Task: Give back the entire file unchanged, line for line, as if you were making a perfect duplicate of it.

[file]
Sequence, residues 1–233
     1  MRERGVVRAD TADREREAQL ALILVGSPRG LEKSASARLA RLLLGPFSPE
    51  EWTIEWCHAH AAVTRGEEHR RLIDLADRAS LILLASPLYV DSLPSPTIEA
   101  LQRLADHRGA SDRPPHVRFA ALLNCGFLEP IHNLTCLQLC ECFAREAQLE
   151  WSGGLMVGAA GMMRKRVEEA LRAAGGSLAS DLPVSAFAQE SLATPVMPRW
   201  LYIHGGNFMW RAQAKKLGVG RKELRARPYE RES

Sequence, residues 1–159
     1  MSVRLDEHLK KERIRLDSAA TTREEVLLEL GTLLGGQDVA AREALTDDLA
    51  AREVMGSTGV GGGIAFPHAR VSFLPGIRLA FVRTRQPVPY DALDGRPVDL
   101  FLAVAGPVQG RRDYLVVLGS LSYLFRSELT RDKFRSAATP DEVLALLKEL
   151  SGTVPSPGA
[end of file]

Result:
Sequence, residues 1–233
     1  MRERGVVRAD TADREREAQL ALILVGSPRG LEKSASARLA RLLLGPFSPE
    51  EWTIEWCHAH AAVTRGEEHR RLIDLADRAS LILLASPLYV DSLPSPTIEA
   101  LQRLADHRGA SDRPPHVRFA ALLNCGFLEP IHNLTCLQLC ECFAREAQLE
   151  WSGGLMVGAA GMMRKRVEEA LRAAGGSLAS DLPVSAFAQE SLATPVMPRW
   201  LYIHGGNFMW RAQAKKLGVG RKELRARPYE RES

Sequence, residues 1–159
     1  MSVRLDEHLK KERIRLDSAA TTREEVLLEL GTLLGGQDVA AREALTDDLA
    51  AREVMGSTGV GGGIAFPHAR VSFLPGIRLA FVRTRQPVPY DALDGRPVDL
   101  FLAVAGPVQG RRDYLVVLGS LSYLFRSELT RDKFRSAATP DEVLALLKEL
   151  SGTVPSPGA